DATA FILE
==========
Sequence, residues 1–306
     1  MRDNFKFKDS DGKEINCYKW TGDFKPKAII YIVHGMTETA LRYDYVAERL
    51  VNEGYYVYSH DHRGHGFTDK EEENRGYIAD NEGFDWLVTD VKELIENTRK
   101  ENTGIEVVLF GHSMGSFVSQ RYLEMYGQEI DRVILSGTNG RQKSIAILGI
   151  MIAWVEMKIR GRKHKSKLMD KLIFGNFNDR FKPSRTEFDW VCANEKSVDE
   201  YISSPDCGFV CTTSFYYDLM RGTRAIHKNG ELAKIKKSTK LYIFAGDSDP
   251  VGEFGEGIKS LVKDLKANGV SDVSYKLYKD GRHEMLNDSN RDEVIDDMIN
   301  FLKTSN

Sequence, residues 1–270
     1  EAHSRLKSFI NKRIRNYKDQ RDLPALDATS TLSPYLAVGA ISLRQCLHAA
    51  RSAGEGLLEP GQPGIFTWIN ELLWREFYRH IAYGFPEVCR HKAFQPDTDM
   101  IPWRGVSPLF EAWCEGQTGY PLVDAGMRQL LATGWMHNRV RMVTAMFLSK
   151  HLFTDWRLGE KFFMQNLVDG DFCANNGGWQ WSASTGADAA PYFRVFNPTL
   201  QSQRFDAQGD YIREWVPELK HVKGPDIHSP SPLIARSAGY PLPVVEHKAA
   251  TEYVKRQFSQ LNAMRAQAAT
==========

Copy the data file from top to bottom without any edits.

Sequence, residues 1–306
     1  MRDNFKFKDS DGKEINCYKW TGDFKPKAII YIVHGMTETA LRYDYVAERL
    51  VNEGYYVYSH DHRGHGFTDK EEENRGYIAD NEGFDWLVTD VKELIENTRK
   101  ENTGIEVVLF GHSMGSFVSQ RYLEMYGQEI DRVILSGTNG RQKSIAILGI
   151  MIAWVEMKIR GRKHKSKLMD KLIFGNFNDR FKPSRTEFDW VCANEKSVDE
   201  YISSPDCGFV CTTSFYYDLM RGTRAIHKNG ELAKIKKSTK LYIFAGDSDP
   251  VGEFGEGIKS LVKDLKANGV SDVSYKLYKD GRHEMLNDSN RDEVIDDMIN
   301  FLKTSN

Sequence, residues 1–270
     1  EAHSRLKSFI NKRIRNYKDQ RDLPALDATS TLSPYLAVGA ISLRQCLHAA
    51  RSAGEGLLEP GQPGIFTWIN ELLWREFYRH IAYGFPEVCR HKAFQPDTDM
   101  IPWRGVSPLF EAWCEGQTGY PLVDAGMRQL LATGWMHNRV RMVTAMFLSK
   151  HLFTDWRLGE KFFMQNLVDG DFCANNGGWQ WSASTGADAA PYFRVFNPTL
   201  QSQRFDAQGD YIREWVPELK HVKGPDIHSP SPLIARSAGY PLPVVEHKAA
   251  TEYVKRQFSQ LNAMRAQAAT